Twisp Ranger Station

This 6.4 acre campus, now known as TwispWorks, was purchased by the U.S. Forest Service in 1929.
What started as a complex of a few buildings grew into an economic and community hub of the Methow Valley.

The hundreds of people who worked here the next 80 years had a hand in the preservation and management of thousands of acres of forest and wildlife.

1932-1939 During the Great Depression, the Civilian Conservation Corps (CCC) established several camps in the Methow Valley. Hundreds of unemployed, unmarried men in the CCC fought fires and built campgrounds, bridges and roads in the forests. At the Twisp complex, the CCC built the residences on Lincoln Street, the Bunkhouse, the Gray Shed, the Shop and the North and South Warehouses.

1939 The Twisp Complex was the base for the first “live jump” firefighting experiments, marking the birth of smokejumping. The operation moved to the North Cascades Smokejumper base in 1940, where you can visit today.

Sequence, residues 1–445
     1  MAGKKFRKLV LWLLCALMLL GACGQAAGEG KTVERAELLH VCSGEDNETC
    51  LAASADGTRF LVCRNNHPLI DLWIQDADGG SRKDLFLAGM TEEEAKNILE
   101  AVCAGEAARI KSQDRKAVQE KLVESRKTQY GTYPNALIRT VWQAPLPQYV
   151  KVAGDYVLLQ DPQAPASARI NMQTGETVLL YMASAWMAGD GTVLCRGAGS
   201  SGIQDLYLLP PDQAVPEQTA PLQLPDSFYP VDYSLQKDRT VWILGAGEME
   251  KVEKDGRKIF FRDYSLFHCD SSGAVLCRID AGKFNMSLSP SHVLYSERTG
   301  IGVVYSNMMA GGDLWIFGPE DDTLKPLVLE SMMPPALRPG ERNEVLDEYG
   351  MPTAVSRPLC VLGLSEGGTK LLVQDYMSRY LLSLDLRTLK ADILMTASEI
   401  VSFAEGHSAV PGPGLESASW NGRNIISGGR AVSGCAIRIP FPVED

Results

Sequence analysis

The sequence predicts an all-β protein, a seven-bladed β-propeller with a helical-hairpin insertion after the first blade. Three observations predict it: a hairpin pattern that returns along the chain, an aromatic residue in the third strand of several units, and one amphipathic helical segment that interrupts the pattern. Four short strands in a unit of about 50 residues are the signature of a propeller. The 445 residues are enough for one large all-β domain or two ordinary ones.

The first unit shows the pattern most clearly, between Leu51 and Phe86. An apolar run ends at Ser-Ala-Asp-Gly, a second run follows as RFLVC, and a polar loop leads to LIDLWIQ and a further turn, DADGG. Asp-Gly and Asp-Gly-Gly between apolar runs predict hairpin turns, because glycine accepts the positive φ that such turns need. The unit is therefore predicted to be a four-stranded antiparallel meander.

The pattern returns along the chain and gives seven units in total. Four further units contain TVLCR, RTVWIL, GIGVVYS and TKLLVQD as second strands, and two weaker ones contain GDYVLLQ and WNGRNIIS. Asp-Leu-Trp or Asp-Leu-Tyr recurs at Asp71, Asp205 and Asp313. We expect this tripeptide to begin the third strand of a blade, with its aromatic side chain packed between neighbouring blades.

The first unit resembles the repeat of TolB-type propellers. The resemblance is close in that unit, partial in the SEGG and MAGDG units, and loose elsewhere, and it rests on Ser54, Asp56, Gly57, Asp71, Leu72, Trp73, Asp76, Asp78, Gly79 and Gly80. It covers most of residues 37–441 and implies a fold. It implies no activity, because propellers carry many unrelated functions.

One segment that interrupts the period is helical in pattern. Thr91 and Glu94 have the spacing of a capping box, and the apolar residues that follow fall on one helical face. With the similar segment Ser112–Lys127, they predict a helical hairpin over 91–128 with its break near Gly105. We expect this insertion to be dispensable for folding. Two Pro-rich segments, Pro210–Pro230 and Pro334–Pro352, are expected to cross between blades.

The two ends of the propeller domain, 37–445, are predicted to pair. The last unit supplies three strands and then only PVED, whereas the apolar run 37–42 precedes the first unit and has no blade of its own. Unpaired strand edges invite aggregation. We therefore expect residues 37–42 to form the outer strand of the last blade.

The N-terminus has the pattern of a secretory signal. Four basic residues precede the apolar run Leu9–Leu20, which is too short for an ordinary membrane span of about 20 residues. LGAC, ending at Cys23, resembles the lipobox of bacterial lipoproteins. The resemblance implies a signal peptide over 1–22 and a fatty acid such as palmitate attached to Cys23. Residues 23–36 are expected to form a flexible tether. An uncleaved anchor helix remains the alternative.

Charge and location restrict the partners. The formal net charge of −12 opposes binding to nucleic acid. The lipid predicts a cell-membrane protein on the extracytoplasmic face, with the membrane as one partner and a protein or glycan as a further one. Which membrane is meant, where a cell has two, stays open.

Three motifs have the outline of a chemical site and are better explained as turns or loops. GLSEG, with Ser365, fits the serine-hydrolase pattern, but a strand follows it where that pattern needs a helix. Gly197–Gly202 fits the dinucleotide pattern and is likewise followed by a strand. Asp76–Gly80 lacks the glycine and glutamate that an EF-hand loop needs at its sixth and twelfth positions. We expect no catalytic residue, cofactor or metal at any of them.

1941 The Wagner Mill opened in Twisp in 1941. At its peak, the mill employed around 400 people. The mill closed in 1985, after changing hands twice since the Wagner family owned it.

1950’s Employees working from the Twisp Complex built trails and lookouts, watched for fires, monitored timber sales and grazing on the Twisp Ranger District, and maintained roads in the Forest.

1980’s The Youth Conservation Corps brought young people from around the country to fight fires and work on projects around the Methow Valley. Forest Service employees helped educate local children about wildfires with the Smokey the Bear program.

1994 The Twisp and Winthrop Ranger Districts were combined to become the Methow Valley Ranger District. In 2002, the main office for Methow Valley Ranger District moved to Winthrop. The Twisp Site became a work center.

2008 The Twisp Public Development Authority was chartered by the Town of Twisp to redevelop the Twisp Complex. The property was purchased thanks to an anonymous community member, and TwispWorks was created.